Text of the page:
Researchers are looking at ecstasy as a possible way to treat U.S. war veterans with post-traumatic stress disorder.
The Multidisciplinary Association for Psychedelic Studies in Santa Cruz, California says the party drug was able to help PTSD patients get more out of their therapy in a very small clinical trial.
The drug, known clinically as MDMA, was administered to 12 patients going to therapy for prolonged PTSD, while a control group of eight patients got a placebo.
Two months after therapy, ten of the patients who got the drug showed a vast improvement, while just two in the placebo group showed improvement.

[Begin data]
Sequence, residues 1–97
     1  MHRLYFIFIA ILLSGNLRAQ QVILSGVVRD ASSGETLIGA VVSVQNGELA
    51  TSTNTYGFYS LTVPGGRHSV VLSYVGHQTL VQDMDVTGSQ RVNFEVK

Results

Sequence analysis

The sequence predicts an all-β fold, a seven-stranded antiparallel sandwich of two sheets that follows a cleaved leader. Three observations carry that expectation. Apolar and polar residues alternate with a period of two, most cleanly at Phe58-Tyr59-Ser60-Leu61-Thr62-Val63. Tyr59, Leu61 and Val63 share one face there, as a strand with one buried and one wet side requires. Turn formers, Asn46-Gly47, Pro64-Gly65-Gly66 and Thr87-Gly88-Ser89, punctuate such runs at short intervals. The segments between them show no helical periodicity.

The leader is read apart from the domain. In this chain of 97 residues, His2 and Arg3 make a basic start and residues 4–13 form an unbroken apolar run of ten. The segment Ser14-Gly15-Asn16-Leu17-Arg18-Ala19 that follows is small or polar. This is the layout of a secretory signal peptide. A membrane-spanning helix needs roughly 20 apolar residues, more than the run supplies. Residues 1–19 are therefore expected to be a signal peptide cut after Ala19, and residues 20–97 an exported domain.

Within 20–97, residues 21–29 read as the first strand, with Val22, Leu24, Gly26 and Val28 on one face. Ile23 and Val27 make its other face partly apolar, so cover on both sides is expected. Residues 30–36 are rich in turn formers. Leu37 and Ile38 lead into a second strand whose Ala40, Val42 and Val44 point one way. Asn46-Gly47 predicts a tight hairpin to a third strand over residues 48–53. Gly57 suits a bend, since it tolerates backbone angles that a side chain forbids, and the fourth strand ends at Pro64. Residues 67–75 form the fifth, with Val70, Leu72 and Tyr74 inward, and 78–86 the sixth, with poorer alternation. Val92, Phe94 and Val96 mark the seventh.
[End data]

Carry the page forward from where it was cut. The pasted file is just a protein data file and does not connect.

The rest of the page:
The Food and Drug Administration has since given the green light for a larger study involving about 40 military veterans with combat-related PTSD.
The California researchers are also still keeping an eye on the patients in the original trial to determine the long-term effects of using MDMA in therapy.
The study is published in the "Journal of Psychopharmacology."
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